Market regulator Sebi could announce the operational framework for introduction of options in commodities.
Lets have a lowdown on what this will entail.
1. How many functional commodity futures exchanges exist?
Three, the largest being metal and energy bourse MCX, agri bourse NCDEX and plantations exchange NMCE. Of these, NMCE was the first to commence trading in late 2002. MCX and NCDEX began a year later.
2. What products do these exchanges offer?
Trading in futures contracts of commodities only. Unlike in equity markets, options or index trading is not allowed. Also, participation is restricted to retail and wholesale traders, and corporate hedgers. No foreign, NRI or bank participation is permitted at present.
3. What’s in the works?
Sebi, which took over regulation of this market in September 2015 is strengthening regulation -trading, client, broking or exchange related. It also plans to give exchanges permission to start trading in options contracts. Two options -one agri and one non agri could be allowed initially . Also, in due course, it could expand participation to institutional investors.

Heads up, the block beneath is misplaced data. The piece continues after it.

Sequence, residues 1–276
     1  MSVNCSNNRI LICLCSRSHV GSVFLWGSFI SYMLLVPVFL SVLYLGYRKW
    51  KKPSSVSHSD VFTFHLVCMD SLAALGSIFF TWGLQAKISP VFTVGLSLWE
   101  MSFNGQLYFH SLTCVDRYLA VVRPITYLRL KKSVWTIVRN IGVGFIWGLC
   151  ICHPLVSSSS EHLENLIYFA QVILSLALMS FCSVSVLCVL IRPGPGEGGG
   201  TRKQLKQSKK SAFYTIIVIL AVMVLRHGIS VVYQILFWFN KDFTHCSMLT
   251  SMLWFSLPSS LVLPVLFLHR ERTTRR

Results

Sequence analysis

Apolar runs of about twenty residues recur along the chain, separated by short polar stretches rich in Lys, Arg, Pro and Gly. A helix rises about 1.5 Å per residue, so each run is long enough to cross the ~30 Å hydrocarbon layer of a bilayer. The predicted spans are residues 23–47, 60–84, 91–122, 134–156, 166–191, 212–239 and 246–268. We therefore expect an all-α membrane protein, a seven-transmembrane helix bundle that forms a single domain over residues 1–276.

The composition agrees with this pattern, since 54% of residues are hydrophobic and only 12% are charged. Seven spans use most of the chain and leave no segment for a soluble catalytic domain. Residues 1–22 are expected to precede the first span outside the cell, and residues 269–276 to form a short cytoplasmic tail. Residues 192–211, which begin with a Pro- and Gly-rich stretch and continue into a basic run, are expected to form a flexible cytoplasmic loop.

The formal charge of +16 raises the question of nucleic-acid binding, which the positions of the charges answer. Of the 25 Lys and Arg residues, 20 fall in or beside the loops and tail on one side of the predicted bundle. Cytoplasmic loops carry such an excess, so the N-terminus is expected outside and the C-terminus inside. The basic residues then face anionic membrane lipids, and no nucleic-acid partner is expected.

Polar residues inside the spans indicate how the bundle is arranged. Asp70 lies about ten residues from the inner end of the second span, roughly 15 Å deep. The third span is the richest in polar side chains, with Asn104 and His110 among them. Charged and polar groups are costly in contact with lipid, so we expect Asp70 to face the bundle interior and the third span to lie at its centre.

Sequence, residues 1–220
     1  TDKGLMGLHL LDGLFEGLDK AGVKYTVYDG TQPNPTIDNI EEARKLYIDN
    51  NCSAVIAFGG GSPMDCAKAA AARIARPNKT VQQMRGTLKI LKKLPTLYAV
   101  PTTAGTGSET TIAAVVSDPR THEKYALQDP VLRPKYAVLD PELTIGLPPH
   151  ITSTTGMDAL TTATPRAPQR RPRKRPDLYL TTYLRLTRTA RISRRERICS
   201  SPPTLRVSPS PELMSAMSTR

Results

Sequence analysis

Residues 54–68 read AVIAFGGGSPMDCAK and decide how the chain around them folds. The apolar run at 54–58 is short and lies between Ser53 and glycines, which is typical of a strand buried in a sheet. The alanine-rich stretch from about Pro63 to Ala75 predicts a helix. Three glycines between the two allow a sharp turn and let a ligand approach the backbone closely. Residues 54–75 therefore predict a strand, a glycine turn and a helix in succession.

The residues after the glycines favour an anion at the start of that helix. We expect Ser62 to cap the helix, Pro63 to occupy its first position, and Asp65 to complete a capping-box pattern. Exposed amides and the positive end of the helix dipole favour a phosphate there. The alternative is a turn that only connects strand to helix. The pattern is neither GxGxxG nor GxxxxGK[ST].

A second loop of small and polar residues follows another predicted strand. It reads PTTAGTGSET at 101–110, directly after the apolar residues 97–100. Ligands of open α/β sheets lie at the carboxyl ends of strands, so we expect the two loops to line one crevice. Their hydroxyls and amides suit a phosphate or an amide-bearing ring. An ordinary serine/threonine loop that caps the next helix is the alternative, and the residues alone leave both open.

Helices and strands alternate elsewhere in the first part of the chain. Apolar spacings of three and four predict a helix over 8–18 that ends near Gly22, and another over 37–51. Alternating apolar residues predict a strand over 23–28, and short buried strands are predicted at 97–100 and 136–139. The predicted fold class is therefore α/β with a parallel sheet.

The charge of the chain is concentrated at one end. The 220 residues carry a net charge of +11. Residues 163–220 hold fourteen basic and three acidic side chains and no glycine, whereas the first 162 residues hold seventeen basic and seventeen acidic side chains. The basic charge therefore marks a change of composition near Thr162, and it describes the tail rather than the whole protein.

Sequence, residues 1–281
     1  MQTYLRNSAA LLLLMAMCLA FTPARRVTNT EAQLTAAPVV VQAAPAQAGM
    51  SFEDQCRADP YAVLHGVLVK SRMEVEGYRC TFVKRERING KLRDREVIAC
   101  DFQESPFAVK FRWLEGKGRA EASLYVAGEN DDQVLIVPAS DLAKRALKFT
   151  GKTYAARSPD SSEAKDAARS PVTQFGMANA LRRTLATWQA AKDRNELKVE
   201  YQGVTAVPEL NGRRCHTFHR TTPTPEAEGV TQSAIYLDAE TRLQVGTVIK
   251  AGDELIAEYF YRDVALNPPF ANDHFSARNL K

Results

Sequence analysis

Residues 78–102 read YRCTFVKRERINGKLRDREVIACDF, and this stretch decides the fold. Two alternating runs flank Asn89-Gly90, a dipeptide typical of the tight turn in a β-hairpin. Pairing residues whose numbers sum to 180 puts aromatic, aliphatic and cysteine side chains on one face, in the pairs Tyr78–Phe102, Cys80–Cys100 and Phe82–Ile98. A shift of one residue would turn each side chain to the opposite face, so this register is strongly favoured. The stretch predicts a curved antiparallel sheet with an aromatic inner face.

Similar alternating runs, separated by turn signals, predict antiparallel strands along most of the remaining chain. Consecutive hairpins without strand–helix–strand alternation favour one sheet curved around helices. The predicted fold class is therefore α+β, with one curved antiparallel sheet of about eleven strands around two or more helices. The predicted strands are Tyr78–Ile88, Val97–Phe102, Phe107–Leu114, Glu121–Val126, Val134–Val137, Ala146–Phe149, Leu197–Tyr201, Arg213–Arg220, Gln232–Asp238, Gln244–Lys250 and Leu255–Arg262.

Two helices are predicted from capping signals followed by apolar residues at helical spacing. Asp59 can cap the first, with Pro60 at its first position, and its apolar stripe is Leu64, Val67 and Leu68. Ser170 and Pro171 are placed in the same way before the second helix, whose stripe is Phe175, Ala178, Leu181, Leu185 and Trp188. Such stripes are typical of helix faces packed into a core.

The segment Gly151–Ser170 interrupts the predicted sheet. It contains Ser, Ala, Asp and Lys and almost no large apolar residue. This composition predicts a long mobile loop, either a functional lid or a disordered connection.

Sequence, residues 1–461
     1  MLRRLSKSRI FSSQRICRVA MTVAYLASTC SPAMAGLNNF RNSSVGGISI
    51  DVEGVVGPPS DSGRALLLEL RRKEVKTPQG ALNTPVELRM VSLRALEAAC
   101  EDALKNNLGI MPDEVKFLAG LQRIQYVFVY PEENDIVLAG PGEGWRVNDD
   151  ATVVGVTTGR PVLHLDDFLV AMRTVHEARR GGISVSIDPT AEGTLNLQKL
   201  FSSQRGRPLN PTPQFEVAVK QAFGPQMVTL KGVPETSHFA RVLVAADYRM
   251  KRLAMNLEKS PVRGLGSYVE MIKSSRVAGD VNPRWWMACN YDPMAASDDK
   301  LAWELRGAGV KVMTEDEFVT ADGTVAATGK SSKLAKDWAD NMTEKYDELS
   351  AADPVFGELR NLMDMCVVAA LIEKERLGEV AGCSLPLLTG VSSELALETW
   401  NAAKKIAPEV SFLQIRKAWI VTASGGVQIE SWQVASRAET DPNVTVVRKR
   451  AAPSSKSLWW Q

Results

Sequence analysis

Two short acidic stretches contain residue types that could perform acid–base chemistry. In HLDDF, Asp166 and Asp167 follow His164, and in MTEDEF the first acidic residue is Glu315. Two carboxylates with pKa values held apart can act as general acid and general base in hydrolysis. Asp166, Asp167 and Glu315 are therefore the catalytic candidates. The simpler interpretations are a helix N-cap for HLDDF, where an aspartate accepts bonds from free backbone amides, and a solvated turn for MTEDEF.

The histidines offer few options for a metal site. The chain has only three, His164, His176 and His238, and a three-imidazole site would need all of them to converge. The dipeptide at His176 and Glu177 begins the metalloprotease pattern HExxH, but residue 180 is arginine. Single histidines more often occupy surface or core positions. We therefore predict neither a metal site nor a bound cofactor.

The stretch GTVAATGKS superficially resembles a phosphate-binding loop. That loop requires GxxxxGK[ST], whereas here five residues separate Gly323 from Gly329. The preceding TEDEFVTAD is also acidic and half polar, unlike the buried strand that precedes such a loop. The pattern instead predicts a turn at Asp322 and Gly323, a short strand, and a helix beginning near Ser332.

4. How will options be settled?
Unlike in the equity market, Sebi does not regulate the cash market in commodities.Therefore how to settle options is being worked out. It’s possible that Sebi might allow options to be converted into futures to work around the problem. Therefore the options prices will be influenced by the futures contracts.Spot markets in India are controlled by state governments who issue licenses to markets to function.
5. What’s the difference between an option and futures contract?
A futures contract facilitates purchase or sale of an underlying commodity at a preset price on a future date. Profits and losses in such contracts can be unlimited.
Options similarly facilitate purchase or sale of an underlier. However, loss are limited to the premium paid by buyer to the seller of a call (right to buy) option or a put (right to sell) option.